February 2, 2014

University: Non-Tenured Faculty Bring ‘Different’ Skills

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By JONATHAN LOBEL

Despite a recent study finding, which found that students in introductory classes learned more from non-tenure-track faculty than tenure-track faculty, Cornell administrators and faculty said they believe both types of professors bring benefits to education at Cornell.

The study, released by the National Bureau of Economic Research, concluded that students taught by untenured faculty were more likely to earn better grades in future courses.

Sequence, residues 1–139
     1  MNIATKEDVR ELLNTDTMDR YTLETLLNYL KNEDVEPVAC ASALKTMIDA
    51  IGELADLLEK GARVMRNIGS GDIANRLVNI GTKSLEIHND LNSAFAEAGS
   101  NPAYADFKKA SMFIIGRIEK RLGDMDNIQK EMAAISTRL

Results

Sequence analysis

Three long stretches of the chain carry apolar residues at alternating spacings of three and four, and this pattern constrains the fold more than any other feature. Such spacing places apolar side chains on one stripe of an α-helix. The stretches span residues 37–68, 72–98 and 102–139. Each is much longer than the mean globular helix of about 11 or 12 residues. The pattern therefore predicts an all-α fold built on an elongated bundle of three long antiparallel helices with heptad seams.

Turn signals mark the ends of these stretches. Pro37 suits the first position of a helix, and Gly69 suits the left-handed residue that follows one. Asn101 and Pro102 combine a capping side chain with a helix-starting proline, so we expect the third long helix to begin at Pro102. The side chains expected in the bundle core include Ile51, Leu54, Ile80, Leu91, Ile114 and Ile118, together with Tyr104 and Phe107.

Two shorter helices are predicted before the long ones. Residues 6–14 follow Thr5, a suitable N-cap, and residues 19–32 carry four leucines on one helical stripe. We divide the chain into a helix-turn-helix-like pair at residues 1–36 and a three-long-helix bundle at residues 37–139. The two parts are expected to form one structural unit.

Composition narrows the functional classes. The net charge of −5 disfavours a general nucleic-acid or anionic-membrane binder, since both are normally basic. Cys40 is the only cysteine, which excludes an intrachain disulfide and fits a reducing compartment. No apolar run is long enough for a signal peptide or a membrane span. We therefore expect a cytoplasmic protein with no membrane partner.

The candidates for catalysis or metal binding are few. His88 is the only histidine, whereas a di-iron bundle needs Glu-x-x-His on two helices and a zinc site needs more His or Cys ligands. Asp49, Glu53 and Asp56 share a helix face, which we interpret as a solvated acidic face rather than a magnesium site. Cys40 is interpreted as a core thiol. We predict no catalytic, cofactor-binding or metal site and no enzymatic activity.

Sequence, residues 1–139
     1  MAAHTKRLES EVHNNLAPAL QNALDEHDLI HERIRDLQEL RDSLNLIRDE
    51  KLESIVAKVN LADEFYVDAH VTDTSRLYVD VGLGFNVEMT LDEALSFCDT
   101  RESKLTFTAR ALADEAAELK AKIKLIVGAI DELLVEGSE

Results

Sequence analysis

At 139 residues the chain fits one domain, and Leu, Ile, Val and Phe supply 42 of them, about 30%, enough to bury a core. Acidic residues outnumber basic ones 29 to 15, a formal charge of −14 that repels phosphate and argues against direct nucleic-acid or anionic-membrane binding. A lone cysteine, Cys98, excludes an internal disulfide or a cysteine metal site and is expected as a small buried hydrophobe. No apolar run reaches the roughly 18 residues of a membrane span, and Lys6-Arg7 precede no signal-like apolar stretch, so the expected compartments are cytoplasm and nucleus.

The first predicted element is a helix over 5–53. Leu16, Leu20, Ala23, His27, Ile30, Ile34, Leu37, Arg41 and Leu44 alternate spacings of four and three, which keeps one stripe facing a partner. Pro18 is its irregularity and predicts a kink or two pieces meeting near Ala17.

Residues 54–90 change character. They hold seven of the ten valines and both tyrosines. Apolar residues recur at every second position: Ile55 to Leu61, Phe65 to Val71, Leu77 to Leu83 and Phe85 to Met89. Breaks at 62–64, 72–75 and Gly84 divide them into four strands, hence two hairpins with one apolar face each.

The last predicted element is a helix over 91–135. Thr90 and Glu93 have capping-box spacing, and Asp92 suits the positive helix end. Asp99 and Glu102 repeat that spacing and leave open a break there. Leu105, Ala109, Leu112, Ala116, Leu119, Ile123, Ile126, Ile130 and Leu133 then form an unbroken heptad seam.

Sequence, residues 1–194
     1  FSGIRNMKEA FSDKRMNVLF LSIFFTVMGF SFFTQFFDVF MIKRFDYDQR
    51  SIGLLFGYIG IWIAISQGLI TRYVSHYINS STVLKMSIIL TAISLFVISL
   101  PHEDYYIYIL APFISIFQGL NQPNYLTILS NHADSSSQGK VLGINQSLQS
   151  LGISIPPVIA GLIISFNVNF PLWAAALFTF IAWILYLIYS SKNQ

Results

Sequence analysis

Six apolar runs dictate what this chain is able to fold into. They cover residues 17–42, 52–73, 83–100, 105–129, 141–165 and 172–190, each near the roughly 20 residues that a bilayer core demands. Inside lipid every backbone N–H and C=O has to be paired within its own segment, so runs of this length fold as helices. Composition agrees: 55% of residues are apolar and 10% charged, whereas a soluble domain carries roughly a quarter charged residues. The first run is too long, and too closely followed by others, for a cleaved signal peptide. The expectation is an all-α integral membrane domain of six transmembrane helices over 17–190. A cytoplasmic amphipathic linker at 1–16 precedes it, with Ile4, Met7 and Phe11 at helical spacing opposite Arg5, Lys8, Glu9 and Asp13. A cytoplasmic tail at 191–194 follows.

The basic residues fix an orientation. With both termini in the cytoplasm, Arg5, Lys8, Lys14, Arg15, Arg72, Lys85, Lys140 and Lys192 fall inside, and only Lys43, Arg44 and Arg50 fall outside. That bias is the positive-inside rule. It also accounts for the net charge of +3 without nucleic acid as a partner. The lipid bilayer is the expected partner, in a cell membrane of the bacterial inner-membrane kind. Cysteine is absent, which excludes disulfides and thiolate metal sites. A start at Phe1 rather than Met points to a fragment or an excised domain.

The study is based on data collected from over 15,000 students at Northwestern University between 2001 and 2008, according to The New York Times.

According to Laura Brown, senior vice provost for Undergraduate Education, faculty who have just completed their doctorates and are arriving to Cornell without tenure are exposed to different perspectives, approaches and experiences than professors who have been teaching for many years.

Prof. Rosemary Avery, policy analysis and management, a tenured professor speaks at the “Last Lecture,” an event that invites professors to deliver engaging lessons, in November. (Michelle Feldman / Sun Staff Photographer)

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